- Inspect the plotted figure, then quickly read over the code, trying to get an overall understanding of the different commands.
- For guidance on the commands, checking the matplotlib website, or type
**from pylab import*** in the Python shell and use**help()**on the commands. This is a quick way to learn about the capabilities of pylab.

` ````
#import numpy functions and types
from pylab import *
x = arange(1,10,0.5)
xsquare = x**2
xcube = x**3
xsquareroot = x**0.5
#open figure 1
figure(1)
#basic plot
plot(x,xsquare)
#add a label to the x axis
xlabel('abscissa')
#add a label to the y axis
ylabel('ordinate')
#add a title
title('A practice plot.')
#save the figure to the current diretory as a png file
savefig('plot_1.png')
#open a second figure
figure(2)
#do two plots:
#one with red circles with no line joining them
#and another with green plus signs joined by a dashed curve
plot(x, xsquare, 'ro', x, xcube,'g+--')
#x and y labels, title
xlabel('abscissa')
ylabel('ordinate')
title('More practice.')
#add a legend
legend(('squared', 'cubed'))
#save the figure
savefig('plot_2.png')
figure(3)
#use the subplot function to generate multiple panels within the same plotting window
subplot(3,1,1)
#plot black stars with dotted lines
plot(x, xsquareroot,'k*:')
title('square roots')
subplot(3,1,2)
#plot red right-pointing triangles with dashed lines
plot(x, xsquare,'r>-')
title('squares')
subplot(3,1,3)
#plot magenta hexagons with a solid line
plot(x, xcube,'mh-')
title('cubes')
savefig('plot_3.png')
#show() should be the last line
show()
```

**3. Scipy**

**Scipy**, or *Scientific Python*, is the last package in this part of the tutorial. **scipy** is a collection of functions to perform basic scientific programming and data analysis. It is also the ecosystem for many other scientific packages and provides a consistent interface to the functions and avoids duplication. For example, scipy contains Fourier transforms (*scipy.fftpack*), and numerical integration (*scipy.integrate*). It also provides the core functions for machine learning (*scikit-learn*) and image processing (*scikit-image*).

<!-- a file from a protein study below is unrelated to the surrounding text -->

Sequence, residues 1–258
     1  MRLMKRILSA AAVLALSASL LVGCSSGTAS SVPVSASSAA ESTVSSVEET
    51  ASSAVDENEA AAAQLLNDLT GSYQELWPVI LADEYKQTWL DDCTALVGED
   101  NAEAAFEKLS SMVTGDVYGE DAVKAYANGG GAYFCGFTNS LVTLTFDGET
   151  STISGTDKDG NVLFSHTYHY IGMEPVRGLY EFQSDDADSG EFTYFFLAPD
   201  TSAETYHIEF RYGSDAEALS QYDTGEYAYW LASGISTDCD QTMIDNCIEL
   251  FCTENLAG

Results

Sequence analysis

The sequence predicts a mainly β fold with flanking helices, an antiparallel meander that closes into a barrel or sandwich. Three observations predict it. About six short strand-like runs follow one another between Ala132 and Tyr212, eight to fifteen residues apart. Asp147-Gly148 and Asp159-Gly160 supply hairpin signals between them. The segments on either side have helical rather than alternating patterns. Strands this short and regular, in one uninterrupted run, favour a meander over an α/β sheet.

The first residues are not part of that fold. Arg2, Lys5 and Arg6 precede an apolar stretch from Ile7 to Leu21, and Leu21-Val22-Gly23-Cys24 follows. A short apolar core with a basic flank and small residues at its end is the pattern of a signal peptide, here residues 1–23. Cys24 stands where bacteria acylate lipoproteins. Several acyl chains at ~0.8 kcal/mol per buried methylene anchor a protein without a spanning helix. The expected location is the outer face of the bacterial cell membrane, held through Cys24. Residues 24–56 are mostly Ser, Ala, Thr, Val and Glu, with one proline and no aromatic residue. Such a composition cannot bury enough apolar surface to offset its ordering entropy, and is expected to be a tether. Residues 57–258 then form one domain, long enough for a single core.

For example, to integrate a list of numbers using scipy you might use a function called **trapz** (for *trapezoid*, the type of integration being used) from the *integrate* package.

` ````
import scipy.integrate as integrate
result = integrate.trapz([0,1,2,3,4,5])
print(result)
# 12.5
```

or if you wanted to integrate sine(x) from 0 to \(\pi\) you could use the **quad** (short for *quadrature*) function

` ````
import numpy as np
import scipy.integrate as integrate
result = integrate.quad(np.sin,0,np.pi)
print(result)
# (2.0, 2.220446049250313e-14)
```

Here, **quad** takes a function name (e.g. *np.sin)* and the limits of the integral, but no data points. Scipy then tries to integrate the function and returns two values. The first value is the answer, the second value is an estimate of the error in the answer.

#### Optimization

Another common use for scipy is optimization using the **scipy.optimize** package. This is the package used to fit data to scientific models, or fitting values to polynomials. One way of fitting data is to use the **curve_fit** function, which takes at least three arguments

- The
*function*that you want to fit. - A set of
*independent data.* *A set of*dependent data*.*

The data you give **curve_fit** could be collected from an experiment, for example. You can also give **curve_fit** some additional help if your function is particularly complex. For example

- You can provide initial guesses for your function in a keyword
*p0*. - You can give relative or absolute errors on your
*dependent data*using the keyword*sigma*(and*absolute_sigma).*